The Somali rebel group al-Shabab, which is linked to al-Qaida, claimed responsibility for the attack that shattered a period of calm in Mogadishu after two decades of chaotic violence. The attack started when a suicide car bomber detonated an explosives-laden vehicle at the gate of the prison, followed by gunmen who fought their way into the prison.

It was al-Shabab gunmen who attacked the upscale Westgate Mall in Nairobi, Kenya, with guns and grenades last September, killing at least 67 people. Al-Shabab had threatened retaliation against Kenya for sending troops into Somalia against the extremists. Godane said the attack was carried out in retaliation for the West’s support for Kenya’s Somalia invasion and the “interest of their oil companies.”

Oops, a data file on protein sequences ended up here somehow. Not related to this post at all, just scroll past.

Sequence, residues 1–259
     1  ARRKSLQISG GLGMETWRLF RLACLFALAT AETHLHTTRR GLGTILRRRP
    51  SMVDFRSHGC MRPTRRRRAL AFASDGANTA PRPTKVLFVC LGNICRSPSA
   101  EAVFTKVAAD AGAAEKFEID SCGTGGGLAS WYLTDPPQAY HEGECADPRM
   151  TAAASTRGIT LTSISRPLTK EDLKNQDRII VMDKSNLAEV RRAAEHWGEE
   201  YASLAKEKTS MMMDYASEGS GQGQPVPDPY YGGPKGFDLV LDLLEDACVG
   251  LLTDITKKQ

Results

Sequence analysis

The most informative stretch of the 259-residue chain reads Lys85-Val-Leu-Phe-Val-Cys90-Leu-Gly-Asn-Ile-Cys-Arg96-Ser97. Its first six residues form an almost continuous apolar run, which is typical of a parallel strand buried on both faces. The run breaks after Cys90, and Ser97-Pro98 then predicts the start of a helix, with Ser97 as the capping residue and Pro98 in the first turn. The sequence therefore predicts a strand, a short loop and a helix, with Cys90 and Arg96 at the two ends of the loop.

Associated Press writer Abdi Guled in Mogadishu, Somalia, contributed to this report.

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BBC News

Islamic State 'kills US hostage'

An Islamic State video purporting to show the beheading of Steven Sotloff, a US journalist abducted by the group, is released.

Million 'have fled Ukraine conflict'

The number of people who have fled the fighting in Ukraine has doubled in weeks, and the UN says more than a million have now been displaced.

Afghan militants 'may join IS'

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CPS withdraws Ashya parents warrant

UK prosecutors withdraw the arrest warrant that enabled Spanish police to hold the parents who took their ill son from a British hospital.